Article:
How is ocular surface (epithelial) healing promoted following chemical burns to the eye?

Updated: Oct 08, 2019
  • Author: Mark Ventocilla, OD, FAAO; Chief Editor: Andrew A Dahl, MD, FACS  more...
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Answer

Once the inciting chemical has been completely removed, epithelial healing can begin. Chemically injured eyes have a tendency to poorly produce adequate tears; therefore, artificial tear supplements play an important role in healing. Topical antibiotic ointment should be applied frequently to help the surface heal and to prevent secondary infection. Topical steroids are also needed to control inflammation, which facilitates epithelial healing.

Ascorbate plays a fundamental role in collagen remodeling, leading to an improvement in corneal healing. It may also prevent or delay corneal ulceration. It is available in topical and oral forms. Oral tetracycline class antibiotics (tetracycline, minocycline, doxycycline) may also decrease the risk of corneal melting through inhibition of matrix metalloproteinases.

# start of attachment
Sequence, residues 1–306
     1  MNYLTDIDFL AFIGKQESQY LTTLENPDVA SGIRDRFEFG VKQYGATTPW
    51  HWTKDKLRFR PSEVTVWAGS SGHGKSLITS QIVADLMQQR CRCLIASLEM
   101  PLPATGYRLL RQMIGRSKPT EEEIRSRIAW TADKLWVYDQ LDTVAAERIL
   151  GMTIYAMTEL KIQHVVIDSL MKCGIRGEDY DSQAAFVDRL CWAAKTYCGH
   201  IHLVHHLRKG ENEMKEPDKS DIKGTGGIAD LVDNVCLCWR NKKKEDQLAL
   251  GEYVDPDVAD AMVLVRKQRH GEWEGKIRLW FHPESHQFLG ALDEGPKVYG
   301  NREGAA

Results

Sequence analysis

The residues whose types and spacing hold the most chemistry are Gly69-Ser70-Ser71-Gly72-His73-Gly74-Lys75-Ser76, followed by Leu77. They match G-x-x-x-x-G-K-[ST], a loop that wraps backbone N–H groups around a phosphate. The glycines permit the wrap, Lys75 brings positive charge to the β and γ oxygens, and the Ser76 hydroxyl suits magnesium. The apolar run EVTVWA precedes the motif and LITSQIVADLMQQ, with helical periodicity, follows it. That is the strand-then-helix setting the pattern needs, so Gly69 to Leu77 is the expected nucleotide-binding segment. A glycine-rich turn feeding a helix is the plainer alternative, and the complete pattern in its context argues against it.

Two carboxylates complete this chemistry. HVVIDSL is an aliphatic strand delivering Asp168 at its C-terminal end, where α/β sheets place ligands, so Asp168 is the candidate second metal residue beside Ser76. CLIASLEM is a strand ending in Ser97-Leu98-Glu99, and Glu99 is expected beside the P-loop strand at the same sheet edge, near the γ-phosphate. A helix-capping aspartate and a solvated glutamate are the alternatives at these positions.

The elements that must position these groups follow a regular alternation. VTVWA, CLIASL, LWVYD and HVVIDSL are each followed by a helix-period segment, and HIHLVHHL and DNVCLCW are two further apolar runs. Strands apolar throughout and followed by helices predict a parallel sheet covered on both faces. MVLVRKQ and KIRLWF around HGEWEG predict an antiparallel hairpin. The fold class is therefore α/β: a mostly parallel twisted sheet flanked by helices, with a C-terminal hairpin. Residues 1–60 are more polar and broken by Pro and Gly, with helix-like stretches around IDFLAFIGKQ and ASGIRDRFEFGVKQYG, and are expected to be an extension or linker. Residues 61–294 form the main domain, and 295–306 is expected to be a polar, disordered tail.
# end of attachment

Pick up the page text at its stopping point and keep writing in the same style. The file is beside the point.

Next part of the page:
Placement of a therapeutic bandage contact lens until the epithelium has regenerated can be helpful in some patients. [11]

Amniotic membrane transplant in eyes with acute ocular burns promotes faster healing of epithelial defects in patients with moderate grade burns. [12] Amniotic membranes have anti-inflammatory, antimicrobial, anticollagenolytic, and growth factor properties that can enhance epithelial rejuvenation. The Prokera (Bio-Tissue) brand device is a sutureless office-based amniotic membrane that has been proven to be extremely useful in acute moderate chemical injuries.

No long-term advantage of amniotic membrane transplant is evident when compared with medical and mechanical release of adhesions in terms of final visual outcome, appearance of symblepharon, and corneal vascularization in a controlled clinical setting. [12]


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